Heartfelt story of mother’s choice to feed son or take him to school is ignored

Katie from East Cowes has to decide whether she feeds her child or pays to take him to school. 19 councillors chose to ignore this story and voted against calls for the Cabinet to reconsider their decision.

ten pound notes

At Wednesday evening’s Isle of Wight full council meeting, leader of the Island Independent Councillors, Cllr Julia Baker-Smith, presented her motion on the impact of charging parents of children who use the Cowes floating bridge.

She explained that so big was the impact of charges to those on low incomes, that one mother had to choose whether to feed her child or take him to school (see the detail).

Barrier to education
Cllr Baker Smith said parents on low incomes being charged £10 per week to escort their children to school via the floating bridge presented an unnecessary barrier to maintaining school attendance.

This was, she said, despite the council pushing for increased school attendance and for parents to find healthy and sustainable ways to travel to school.

Catchment faith school
The councillor for Whippingham and Osborne went on to remind members that Holy Cross in East Cowes is the catchment faith school for Cowes – meaning that if you lived west of the River Medina and wished for your child to attend a faith school, you’d be penalised by £10 per week or have to drive via Newport. The extra traffic via Newport was cited earlier in the meeting as causing increased congestion.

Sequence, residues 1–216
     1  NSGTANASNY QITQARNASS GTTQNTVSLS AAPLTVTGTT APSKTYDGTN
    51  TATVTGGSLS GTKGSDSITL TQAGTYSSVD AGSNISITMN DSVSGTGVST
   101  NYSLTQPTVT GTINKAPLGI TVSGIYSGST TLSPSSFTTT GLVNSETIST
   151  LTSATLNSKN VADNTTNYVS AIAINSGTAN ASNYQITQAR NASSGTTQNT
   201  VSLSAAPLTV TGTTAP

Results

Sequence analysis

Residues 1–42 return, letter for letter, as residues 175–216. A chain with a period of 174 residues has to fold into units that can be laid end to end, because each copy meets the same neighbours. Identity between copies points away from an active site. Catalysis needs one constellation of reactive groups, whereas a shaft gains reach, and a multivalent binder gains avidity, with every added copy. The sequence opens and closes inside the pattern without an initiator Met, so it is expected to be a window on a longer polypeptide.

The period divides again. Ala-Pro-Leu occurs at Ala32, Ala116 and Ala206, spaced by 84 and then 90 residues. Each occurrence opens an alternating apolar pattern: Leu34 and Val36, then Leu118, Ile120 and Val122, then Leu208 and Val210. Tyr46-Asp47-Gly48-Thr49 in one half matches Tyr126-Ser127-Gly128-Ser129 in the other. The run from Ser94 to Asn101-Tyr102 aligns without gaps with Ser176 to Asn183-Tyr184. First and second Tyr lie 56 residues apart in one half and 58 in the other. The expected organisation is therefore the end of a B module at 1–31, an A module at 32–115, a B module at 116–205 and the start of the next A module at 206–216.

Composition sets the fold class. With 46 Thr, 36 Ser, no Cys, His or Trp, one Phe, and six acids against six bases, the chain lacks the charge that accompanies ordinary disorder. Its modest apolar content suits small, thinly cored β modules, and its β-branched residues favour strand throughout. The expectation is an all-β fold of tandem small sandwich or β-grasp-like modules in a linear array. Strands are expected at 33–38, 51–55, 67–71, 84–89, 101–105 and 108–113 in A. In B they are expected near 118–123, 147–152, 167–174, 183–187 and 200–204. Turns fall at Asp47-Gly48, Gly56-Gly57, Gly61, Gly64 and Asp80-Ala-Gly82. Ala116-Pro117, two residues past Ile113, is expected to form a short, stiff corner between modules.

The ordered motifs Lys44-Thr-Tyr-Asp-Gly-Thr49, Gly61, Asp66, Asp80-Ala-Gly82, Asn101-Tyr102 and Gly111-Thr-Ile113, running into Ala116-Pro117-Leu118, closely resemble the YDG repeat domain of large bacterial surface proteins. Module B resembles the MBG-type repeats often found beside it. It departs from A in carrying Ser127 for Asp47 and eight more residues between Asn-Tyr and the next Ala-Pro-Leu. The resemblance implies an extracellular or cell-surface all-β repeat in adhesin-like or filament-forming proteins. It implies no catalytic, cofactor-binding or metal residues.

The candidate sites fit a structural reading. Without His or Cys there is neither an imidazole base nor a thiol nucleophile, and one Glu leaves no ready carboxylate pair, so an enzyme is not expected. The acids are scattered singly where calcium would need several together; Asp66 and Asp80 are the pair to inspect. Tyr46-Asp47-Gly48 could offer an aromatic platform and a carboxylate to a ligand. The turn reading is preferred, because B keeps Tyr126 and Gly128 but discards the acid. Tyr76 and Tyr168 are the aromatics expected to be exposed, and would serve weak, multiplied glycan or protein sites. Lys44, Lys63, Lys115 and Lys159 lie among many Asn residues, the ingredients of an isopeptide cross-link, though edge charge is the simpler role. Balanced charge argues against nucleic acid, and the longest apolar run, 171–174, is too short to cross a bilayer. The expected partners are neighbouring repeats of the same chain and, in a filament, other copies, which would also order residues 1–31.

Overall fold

Cllr Baker Smith said this move by the IWC was specifically discriminating against those who wish to attend a faith school.

Although it was the Island Independents who introduced the foot passenger charges during their term of leadership, it’s worth noting that Cllr Baker Smith voted against the motion.

Lack of costings
The councillor went on to suggest she believed the Cabinet had not considered any costings when they debated her motion last week.

She said the river was a very unique circumstance and not the same as other parents who are able to walk their children to school without crossing one. Cllr Baker Smith urged the Cabinet to think again.

Support from other councillors
Cllrs Lilley, Howe and Fuller supported the motion.